Friday, 30 January 2015

Blue Cards

This article by Justin Davenport appeared in the 29th January Evening Standard:

Evening Standard: Hundreds more gun police to be trained to combat London terror threat

In the current atmosphere of hostile terrorism, Sir Bernard, the Commissioner of the Metropolitan Police Service, wants to create a 'reserve' of more firearms-trained officers. He intends to bolster the Metropolitan Police's firearms-carrying officers, presently numbered around 2,700.

Now to the point of this blog. Let's imagine we had, say, a thousand officers on London boroughs trained to carry the standard Met firearms – MP5 carbine, Glock pistol and Taser. Those officers might work in normal borough roles but would be available when needed.

What a valuable resource that would be?

Sir Bernard, in this Evening Standard article, fails to mention that until September 2012 we already had exactly this resource. Let me explain.

During the decades up to the 2012 London Olympics each of the 32 London boroughs had dozens of firearms-trained officers. They were experienced coppers who had spent time in the past on armed units, working in areas such as royalty or diplomatic protection, airport security, close-protection or armed response. They moved to borough teams but were encouraged to keep their firearms status.

The 'borough AFOs', as they were called (AFO – authorised firearms officer) were used heavily throughout the 2012 London Olympics, working twelve to sixteen hour shifts in the Olympics venues.

The moment the Olympics finished the AFOs were all dropped.

All AFOs carry small blue cards showing their firearms authorisations. A decision was taken to save money by losing the borough AFOs.

“You still got your blue card?”
“Nah. They've taken it. And you?”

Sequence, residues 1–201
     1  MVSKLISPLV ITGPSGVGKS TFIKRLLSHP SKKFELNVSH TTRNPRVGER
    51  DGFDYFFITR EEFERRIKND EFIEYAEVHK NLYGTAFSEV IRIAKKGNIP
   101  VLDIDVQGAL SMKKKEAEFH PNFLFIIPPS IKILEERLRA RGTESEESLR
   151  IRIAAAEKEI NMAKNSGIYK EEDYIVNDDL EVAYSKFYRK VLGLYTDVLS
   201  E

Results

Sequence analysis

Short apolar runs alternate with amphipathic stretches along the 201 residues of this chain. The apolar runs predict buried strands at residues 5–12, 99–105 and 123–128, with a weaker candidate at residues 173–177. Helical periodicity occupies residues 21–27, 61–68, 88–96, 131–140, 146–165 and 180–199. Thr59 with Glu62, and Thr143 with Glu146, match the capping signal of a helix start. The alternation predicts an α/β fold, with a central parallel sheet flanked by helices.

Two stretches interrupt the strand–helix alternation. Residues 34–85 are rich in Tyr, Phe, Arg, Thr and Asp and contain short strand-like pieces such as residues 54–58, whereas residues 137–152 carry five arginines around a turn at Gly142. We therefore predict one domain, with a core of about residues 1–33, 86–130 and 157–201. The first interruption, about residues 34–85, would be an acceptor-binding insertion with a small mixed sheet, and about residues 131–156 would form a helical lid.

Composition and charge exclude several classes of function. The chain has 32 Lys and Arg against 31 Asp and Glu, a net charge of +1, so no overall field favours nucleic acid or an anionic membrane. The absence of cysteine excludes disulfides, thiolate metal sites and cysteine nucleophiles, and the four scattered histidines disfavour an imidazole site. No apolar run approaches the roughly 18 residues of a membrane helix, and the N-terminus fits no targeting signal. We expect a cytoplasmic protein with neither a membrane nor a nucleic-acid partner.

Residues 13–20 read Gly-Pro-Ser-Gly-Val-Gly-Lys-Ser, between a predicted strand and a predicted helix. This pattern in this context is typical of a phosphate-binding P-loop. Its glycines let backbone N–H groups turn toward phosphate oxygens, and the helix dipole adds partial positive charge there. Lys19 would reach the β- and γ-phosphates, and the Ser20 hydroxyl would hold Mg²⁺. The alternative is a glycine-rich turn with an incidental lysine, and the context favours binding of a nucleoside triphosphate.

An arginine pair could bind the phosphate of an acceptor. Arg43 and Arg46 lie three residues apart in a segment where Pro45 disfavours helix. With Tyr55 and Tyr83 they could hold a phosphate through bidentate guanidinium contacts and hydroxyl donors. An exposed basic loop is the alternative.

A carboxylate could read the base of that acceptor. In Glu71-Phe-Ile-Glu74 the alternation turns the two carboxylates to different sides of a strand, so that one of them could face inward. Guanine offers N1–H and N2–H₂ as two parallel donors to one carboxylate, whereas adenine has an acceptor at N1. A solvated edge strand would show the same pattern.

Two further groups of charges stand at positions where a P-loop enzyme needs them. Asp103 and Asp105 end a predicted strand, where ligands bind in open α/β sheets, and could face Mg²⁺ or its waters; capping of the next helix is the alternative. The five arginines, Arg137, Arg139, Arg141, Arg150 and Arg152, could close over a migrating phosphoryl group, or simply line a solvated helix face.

This was the typical conversation between borough AFOs in late 2012. Maintaining firearms officers' skills costs money. To be precise – eleven pence.

£0.11 per bullet. That's roughly what a bullet costs.

So, for each Borough AFO you're looking at roughly two hundred bullets each year – £20 a year. All the Borough AFOs – let's guess a thousand – lost their blue cards, so the Commissioner probably managed to save the Met £20k, ball park figure.

That seems cheap to me, for the cost of maintaining an armed anti-terrorist team who usually work on normal police duties.

Management's thinking:

They've been useful, but we can't afford to think more than a few months into the future. There might be a terrorist catastrophe in the future, but the important thing right now is that we save a little bit of money. 

Now, paraphrased in the Evening Standard article, Sir Bernard says we need more AFOs and he's going to train some up. Has he forgotten that he already had a thousand Borough AFOs, but casually discarded them after the Olympics to save a few thousand pounds?

People! Why do we allow these police decision-makers (Initially I had a pejorative word here, but substituted 'decision-makers'), like the Commissioner, to think this way? Always looking only to the short-term?

That's my criticism here – always always short term thinking.

Ooh we can save a few pennies by doing this. When I've left this job – my knighthood intact – it'll be someone else's problem. 

Instead, we should be future-proofing the police, buying decent equipment and buildings. If we have a resource, such as thousands of expensively-trained firearms officers – why throw that away simply to save a few quid now?

I could go on, and describe how all the police buildings on my borough are unfit for humans, and that raw sewage leaks into my locker room from the toilet next door.

But that's another story.

Monday, 5 January 2015

A Police Force Stressed

Guardian: Met police stress-related illnesses

This article by Ashley Kirk follows the usual media tendency to assume that the 'stress' police officers are suffering is a consequence of staff reductions and changes in pay & conditions.

If that were true it would nicely lets the Commissioner off the hook – placing the blame upon the financial crisis and Tom Winsor.

Unfortunately this 'pay and conditions' excuse isn't the main reason cops are now falling sick with stress and resigning in three times the numbers they used to.

We might complain from time to time about retrospective closure of our pensions, increased retirement ages and pay cuts, but we always get on with the job.

Policing is necessarily a stressful career and is so intrusive that a normal life is barely possible. It's always been a hard career, but the additional 'stress' of the last couple of years flows from Sir Bernard Hogan-Howe's Local Policing Model (LPM), under which we have now been struggling since 2013.